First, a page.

Start Your Day with a Full House – Three Planets and a Pair of Crescents

The dawn sky’s where it’s happening. With Saturn swiftly sinking westward at dusk, bright planets have become scarce in the evening hours. But if you get up early and look east, you’ll discover where the party is. Venus, Mars and now Jupiter have the dance floor.

Tale of two crescents. A montage of the thick crescent Moon and crescent Venus photographed earlier this month. Credit: Tom Ruen

What’s more, the sky gods have seen fit to roll a thin crescent Moon alongside Venus Thursday morning (Sept. 10). This lovely twinning of crescents is best seen about 75 minutes to an hour before sunrise. All you need is a pair of 10x binoculars to see the peewee Venusian version. Its waning crescent phase closely mimics the Moon’s.

From the U.S., the separation between the two will vary from 3° for the East Coast to 4.5° for the West. European and African skywatchers will witness the actual conjunction with the Moon gliding 2.5° north of the planet.

Venus is very bright, making it easy to see in the daytime if you know where to look. Try using the thin Moon soon after sunrise (7:30 a.m. local time shown here) to spot Venus. Aim and focus your binoculars on the Moon, then glide up and to the right to find Venus. If you succeed, lower the binoculars and see if you can spot it without optical aid. Source: Stellarium

Much fainter Mars, checking in at magnitude +1.8, lies 6° to the left or east of the Moon. It thrills me to see Mars begin a new apparition with its return to the morning sky. Next year, the Red Planet reaches opposition on May 22 in the constellation Scorpius, when it will be brighter than Sirius and more than 18 arc seconds across, its biggest and closest since 2005.

Remember Jupiter? We lost it in the solar glare more than a month ago, but if you can find a location with a nice, open eastern horizon, you can welcome the ever-jovial planet back Thursday. Bring binoculars just in case! Jove’s only a few degrees high in moderately-bright twilight.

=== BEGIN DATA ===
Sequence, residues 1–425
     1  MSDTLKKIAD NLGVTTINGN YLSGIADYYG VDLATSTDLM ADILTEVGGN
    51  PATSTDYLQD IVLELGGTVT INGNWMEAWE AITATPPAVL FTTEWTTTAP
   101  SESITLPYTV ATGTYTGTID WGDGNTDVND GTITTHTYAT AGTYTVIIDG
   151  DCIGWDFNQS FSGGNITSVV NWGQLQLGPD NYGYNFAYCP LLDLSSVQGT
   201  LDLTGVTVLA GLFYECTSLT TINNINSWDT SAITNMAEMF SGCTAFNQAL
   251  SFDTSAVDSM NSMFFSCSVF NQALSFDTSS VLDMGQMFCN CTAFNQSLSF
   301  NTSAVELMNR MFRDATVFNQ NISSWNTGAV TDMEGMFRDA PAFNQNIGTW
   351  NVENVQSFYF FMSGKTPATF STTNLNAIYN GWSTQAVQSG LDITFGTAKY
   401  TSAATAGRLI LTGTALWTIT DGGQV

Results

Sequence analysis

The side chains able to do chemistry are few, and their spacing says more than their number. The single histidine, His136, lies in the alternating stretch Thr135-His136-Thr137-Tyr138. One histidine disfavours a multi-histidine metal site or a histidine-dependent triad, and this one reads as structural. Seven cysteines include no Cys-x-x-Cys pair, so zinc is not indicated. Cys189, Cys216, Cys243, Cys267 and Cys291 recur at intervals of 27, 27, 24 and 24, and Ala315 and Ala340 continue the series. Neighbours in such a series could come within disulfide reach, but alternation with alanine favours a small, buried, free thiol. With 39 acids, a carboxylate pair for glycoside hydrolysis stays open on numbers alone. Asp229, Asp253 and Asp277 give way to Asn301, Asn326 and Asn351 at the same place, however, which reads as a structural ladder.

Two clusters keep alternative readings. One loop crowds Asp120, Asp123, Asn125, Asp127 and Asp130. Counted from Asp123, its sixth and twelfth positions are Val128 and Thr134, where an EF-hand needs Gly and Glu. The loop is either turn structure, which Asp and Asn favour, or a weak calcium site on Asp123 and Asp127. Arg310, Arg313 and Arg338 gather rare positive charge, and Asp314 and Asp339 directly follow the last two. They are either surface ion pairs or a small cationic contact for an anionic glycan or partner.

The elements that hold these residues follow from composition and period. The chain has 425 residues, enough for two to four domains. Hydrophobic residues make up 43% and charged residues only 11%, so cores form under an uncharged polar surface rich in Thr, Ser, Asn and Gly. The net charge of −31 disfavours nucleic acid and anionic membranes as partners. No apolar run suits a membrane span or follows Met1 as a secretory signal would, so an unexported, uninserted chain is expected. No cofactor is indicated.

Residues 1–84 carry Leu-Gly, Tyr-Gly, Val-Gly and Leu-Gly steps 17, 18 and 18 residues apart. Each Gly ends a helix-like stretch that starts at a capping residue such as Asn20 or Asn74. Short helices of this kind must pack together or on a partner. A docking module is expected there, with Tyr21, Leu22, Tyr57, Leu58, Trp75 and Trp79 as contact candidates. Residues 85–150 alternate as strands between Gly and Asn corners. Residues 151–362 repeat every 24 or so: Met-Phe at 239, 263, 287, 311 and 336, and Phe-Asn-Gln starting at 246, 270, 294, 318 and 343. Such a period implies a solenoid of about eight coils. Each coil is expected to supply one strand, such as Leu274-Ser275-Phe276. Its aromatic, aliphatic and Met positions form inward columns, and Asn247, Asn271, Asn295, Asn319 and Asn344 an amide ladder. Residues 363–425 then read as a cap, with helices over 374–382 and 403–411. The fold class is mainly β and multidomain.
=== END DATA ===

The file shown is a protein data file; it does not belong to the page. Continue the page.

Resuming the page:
The bright sunlit crescent contrasts with the darker lighting of twice-reflected light contributed by own planet. Credit: Bob King

When you look at the Moon Thursday, most of it will be illuminated not by sunlight but by Earth-light called earthshine. This smoky, dark glow results from sunlight bouncing off the globe into space to softly light the otherwise shadowed portion of the Moon. The effect is most pleasing to the eye and remarkable in binoculars, which reveal lunar seas and even larger craters shrouded in blue-dark. Don’t miss it!

Bob King

I'm a long-time amateur astronomer and member of the American Association of Variable Star Observers (AAVSO). My observing passions include everything from auroras to Z Cam stars. I also write a daily astronomy blog called Astro Bob. My new book, "Wonders of the Night Sky You Must See Before You Die", a bucket list of essential sky sights, will publish in April. It's currently available for pre-order at Amazon and BN.

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